A capacitor is a simple device (two parallel conducting plates with a dielectric in between) that stores electrical energy. The rate at which this storage takes place is controlled by a quantity known as the RC time constant, which has units of time. This quantity endows the metasurface absorber with one of its most subtle and striking features: pulse-shape-dependent absorption. Energy is stored in the capacitor when a pulse impinges on the absorber. This energy is then dissipated in the resistor (the capacitor is discharged through the resistor) in the time between two successive pulses. In this way, the amount of absorption depends not only on the incoming power level of the pulse, but also on its shape. This is the reason that the title of Wakatsuchi and colleagues' paper is “Waveform-dependent absorbing metasurface”. Shorter pulses lead to high absorption, whereas longer pulses are not absorbed well (Fig. 1c).

To put the results in context, in the past three years there has been a renewed interest in the field of metasurfaces. However, most of the metasurfaces described so far have linear behaviour (the input and output signals are proportional to each other) and do not contain electronic devices such as diodes. For example, a metasurface has been designed2 to refract light by controlling the phase shift (delay) that the light undergoes as it propagates. Another example is a surface3 with a tailored absorption achieved using antennas made of metal nanoparticles, the absorptivity of which does not depend on the incident power. Moreover, a passive metasurface — one that consumes but does not produce energy — has been engineered4 to make thin cloaks for small dielectric cylinders, and a more general thin active cloak was reported last year5. However, Wakatsuchi and colleagues' metasurface is unique because its absorption performance is nonlinearly dependent on the shape and power level of the incoming wave.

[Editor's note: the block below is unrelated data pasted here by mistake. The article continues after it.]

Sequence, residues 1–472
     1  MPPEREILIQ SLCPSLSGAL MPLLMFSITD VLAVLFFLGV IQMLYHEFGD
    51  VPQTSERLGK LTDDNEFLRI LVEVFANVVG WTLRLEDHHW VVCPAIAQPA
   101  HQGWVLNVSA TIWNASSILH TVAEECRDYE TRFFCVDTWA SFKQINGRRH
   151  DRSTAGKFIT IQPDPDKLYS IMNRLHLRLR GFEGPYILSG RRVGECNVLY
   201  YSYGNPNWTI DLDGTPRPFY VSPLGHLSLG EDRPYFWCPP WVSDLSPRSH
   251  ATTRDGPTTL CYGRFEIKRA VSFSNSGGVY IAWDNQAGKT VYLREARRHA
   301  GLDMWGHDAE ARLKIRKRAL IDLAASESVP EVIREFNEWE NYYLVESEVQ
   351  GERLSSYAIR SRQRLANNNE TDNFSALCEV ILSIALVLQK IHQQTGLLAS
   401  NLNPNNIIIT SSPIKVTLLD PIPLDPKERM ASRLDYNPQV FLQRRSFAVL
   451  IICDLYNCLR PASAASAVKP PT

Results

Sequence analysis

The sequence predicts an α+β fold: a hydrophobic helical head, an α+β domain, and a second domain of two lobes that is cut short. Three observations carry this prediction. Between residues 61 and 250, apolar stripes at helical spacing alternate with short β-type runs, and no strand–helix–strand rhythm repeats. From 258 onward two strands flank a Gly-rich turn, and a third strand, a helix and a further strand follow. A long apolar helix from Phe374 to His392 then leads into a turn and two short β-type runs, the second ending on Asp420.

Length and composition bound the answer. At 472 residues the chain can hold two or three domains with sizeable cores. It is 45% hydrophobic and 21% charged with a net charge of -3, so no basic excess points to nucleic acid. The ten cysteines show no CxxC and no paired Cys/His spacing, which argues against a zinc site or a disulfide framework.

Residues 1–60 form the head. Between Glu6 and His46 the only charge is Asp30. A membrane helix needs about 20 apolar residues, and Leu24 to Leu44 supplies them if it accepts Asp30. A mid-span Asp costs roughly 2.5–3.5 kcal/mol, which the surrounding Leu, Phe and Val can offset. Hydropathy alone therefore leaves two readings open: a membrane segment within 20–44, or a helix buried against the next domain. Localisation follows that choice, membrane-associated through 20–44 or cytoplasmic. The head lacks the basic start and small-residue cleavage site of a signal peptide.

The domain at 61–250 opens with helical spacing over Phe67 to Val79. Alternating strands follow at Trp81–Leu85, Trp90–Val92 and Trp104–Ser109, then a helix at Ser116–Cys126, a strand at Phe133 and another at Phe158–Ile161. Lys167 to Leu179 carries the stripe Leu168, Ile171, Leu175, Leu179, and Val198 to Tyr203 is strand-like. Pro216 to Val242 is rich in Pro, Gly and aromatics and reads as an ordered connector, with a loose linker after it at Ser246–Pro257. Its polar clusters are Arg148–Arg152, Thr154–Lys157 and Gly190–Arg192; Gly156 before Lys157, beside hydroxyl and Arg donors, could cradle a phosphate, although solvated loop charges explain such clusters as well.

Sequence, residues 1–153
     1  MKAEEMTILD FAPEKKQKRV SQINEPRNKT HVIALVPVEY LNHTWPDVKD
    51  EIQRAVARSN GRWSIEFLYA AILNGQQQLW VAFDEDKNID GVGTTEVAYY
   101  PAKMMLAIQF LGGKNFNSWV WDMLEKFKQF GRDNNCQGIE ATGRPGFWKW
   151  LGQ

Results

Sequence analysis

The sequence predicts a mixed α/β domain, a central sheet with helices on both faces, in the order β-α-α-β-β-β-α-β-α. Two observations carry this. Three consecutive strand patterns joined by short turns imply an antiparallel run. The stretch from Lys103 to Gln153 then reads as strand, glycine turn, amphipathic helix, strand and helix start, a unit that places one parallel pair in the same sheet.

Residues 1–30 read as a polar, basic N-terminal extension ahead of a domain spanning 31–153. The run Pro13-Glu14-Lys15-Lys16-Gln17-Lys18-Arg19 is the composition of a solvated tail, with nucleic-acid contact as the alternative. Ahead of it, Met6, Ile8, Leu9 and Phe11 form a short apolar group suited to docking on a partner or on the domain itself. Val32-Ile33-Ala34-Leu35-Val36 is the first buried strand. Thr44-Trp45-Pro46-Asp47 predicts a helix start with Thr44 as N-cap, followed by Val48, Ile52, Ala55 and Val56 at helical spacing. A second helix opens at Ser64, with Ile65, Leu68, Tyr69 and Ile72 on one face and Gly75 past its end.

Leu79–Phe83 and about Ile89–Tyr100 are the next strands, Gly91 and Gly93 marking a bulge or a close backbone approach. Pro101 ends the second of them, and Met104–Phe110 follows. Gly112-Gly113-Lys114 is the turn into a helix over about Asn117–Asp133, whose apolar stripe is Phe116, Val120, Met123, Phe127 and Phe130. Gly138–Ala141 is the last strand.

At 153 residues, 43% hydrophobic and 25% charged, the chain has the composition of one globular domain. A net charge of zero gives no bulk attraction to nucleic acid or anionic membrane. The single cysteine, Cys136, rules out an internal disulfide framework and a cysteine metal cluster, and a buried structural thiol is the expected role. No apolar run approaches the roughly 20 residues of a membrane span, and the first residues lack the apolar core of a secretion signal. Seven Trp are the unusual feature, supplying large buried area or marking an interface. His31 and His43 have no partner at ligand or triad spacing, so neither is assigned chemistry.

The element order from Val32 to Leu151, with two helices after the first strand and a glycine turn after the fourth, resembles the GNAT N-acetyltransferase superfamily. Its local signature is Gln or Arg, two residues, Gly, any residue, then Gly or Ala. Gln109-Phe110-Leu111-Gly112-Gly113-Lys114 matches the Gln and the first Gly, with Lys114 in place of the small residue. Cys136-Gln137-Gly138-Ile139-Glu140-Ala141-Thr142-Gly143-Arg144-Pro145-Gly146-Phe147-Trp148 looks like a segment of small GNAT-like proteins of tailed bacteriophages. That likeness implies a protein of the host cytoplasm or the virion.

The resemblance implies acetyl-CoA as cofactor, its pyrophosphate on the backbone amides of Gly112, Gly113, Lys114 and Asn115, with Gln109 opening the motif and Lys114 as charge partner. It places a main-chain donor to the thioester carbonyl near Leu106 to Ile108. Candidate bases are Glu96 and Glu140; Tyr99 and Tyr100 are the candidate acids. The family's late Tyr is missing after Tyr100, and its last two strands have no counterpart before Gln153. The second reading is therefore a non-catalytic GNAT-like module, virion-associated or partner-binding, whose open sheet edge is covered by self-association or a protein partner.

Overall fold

The authors' waveform-dependent absorber has applications in several disciplines. For example, it could be applied to the skin of military vehicles or aircraft to protect sensitive electronics from strong electromagnetic-pulse threats, while allowing the electronics to communicate with external antennas. Moreover, one could imagine applying these absorbers to protect computer-network electronics such as those in data centres from strong interfering signals while allowing the electronics to operate properly. And one may foresee sensor or signalling applications based on the recognition of the width and power level of incoming pulses. In the authors' words, these metasurface absorbers could potentially create “new kinds of microwave technologies and applications”.


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  1. George V. Eleftheriades is in the Department of Electrical and Computer Engineering, University of Toronto, Toronto, Ontario M5S 3G4, Canada.

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Correspondence to George V. Eleftheriades.